Countertransference – what coaches need to know
I have been learning from and supervised by psychotherapists for several years as part of my ongoing professional development. The worlds of psychotherapy and coaching are not the same but overlap and in that overlap is rich learning for organisational coaches.
Here I want to explore the concept of countertransference in order to demystify it a little for coaches and for myself. I expect to still be learning about it until the end of my days!
1 What does Countertransference mean?
Countertransference has been defined as the unaware projection of past experiences onto the present. As a coach, this means that when I am coaching, I may be letting my judgements, values, patterns of thinking and feeling, interfere with the process of coaching. In other words, the coaching becomes more about me than it does about my client.
2 Is Countertransference the same as Transference?
Yes, except Transference is used when referring to the projections of a client/patient, whereas Countertransference is used when referring to the projections of a coach/therapist.
3 What is a projection?
A projection is something of mine (an attitude, an emotion, a value) which I attribute to my client or bring to a situation. For example, if one of my clients reminds me of an old boyfriend, I may feel a familiarity and warmth towards him incommensurate with having met him only twice before. Projections may come from my personal experience and upbringing or they may be absorbed from society or other systems of which I am a part. Projections can also be parts of myself that are outside of my awareness. For example if I don’t own the side of me that is powerful, I might vilify or put on a pedestal someone who is powerful.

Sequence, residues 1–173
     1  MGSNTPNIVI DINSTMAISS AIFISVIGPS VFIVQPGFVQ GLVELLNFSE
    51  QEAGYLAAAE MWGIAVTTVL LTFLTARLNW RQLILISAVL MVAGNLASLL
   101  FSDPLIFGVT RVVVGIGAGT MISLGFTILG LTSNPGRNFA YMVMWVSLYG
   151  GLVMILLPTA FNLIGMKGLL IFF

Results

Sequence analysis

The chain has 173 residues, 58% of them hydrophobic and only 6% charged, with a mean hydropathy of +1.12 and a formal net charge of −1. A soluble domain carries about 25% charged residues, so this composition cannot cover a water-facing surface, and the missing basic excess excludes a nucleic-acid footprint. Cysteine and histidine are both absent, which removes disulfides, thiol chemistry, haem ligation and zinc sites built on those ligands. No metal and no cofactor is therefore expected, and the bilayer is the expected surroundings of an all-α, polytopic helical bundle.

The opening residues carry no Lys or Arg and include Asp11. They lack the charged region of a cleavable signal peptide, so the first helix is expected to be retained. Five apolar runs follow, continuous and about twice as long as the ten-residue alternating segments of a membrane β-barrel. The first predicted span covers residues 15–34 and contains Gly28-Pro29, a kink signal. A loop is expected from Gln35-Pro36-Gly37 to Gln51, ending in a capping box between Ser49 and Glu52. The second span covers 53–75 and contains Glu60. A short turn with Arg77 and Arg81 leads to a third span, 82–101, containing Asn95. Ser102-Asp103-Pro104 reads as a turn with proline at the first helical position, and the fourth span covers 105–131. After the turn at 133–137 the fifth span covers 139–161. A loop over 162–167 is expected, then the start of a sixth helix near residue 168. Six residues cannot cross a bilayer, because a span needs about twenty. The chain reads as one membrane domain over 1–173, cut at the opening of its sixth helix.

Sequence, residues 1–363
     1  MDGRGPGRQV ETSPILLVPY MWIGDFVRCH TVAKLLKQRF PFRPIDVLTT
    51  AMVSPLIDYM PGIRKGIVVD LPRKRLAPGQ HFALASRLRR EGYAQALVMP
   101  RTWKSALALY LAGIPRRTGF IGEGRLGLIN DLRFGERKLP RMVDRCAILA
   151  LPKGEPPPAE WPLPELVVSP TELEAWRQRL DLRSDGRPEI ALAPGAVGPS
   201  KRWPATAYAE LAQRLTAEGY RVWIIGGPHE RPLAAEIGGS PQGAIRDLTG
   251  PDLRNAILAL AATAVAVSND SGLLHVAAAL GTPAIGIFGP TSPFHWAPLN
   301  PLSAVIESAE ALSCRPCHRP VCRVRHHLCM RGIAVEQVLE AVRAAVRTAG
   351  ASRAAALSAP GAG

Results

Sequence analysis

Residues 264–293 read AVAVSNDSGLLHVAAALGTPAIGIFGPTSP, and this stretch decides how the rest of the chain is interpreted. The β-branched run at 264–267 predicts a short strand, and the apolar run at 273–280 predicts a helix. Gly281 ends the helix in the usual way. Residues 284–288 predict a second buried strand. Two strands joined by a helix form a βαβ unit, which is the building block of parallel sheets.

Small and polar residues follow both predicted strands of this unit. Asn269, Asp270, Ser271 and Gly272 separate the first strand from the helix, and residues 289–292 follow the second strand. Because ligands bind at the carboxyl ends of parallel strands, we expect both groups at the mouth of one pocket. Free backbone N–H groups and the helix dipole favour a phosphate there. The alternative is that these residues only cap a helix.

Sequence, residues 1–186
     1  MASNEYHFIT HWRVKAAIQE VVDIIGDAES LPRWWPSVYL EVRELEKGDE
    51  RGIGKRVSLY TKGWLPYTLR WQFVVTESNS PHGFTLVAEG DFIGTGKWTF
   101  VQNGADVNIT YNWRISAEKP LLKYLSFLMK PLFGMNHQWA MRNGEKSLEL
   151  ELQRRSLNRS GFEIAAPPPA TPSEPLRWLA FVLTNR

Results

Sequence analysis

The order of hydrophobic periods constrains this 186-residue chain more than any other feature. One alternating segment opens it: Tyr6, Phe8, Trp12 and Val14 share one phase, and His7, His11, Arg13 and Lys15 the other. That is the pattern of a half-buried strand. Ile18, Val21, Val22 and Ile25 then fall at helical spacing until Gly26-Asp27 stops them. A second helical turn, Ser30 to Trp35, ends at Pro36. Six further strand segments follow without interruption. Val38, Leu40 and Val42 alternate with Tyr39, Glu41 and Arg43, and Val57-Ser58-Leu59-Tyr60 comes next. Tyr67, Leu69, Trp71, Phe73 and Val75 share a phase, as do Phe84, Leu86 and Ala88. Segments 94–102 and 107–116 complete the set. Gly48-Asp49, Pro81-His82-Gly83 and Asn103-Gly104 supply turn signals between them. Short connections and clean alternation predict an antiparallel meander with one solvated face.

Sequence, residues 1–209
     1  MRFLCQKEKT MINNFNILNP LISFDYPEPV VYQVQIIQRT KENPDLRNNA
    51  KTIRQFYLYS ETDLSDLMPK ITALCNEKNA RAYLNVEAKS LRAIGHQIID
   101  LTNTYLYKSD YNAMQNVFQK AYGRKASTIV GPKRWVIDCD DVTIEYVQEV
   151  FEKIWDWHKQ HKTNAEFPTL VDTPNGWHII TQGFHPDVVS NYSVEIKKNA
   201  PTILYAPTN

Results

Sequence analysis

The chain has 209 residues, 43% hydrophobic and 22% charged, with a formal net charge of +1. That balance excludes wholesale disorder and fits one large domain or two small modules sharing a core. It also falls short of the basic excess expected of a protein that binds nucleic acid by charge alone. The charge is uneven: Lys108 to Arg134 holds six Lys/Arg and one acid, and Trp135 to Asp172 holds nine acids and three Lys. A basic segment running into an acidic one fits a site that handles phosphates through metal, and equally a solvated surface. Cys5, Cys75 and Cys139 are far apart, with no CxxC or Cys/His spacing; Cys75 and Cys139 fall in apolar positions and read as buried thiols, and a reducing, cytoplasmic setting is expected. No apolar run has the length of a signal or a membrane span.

4 Is Countertransference wrong?
I read that early psychoanalysts such as Freud were nervous of talking about countertransference, perhaps viewing it as a failure of professionalism or objectivity. Sadly, therapists and coaches do sometimes abuse their position of responsibility and countertransference may be the cause. However countertransference by itself is neither right, wrong nor avoidable. It is bound to occur so our awareness of it is essential. Countertranferences can also give us data that is useful to our clients. For example, if a particular client triggers us to feel fear – perhaps this gives the client useful information about himself or the system of which he is a part.
5 Can you give me some examples of countertransference in coaching?
A coach grew up in a working class background, her father was a miner and a Union leader. When she works with a Board who are looking to sell the business she becomes distracted by her strong feelings about the politics of the sale and her concern for the job security of employees.
In my family, anger towards an authority figure was largely unacceptable. Any anger that was expressed was quickly censured and shut down. As my client talks to me about a difficult conversation he needs to have with his boss, I become scared for him and feel inclined to steer him away from confrontation.
During one phase in my career I was part of a team in which I played the role of the dutiful volunteer. I would always raise my hand to take an action and be diligent about executing plans that others seemed to take less seriously. I came to resent this role. Of course I co-created that situation but I never resolved it before moving on to pastures new. As I talk to my coaching client, I fear she is falling into the same ‘trap’ and I begin to tell her my story. The story becomes a lecture and before I know it I have focussed our attention on me for over 15 minutes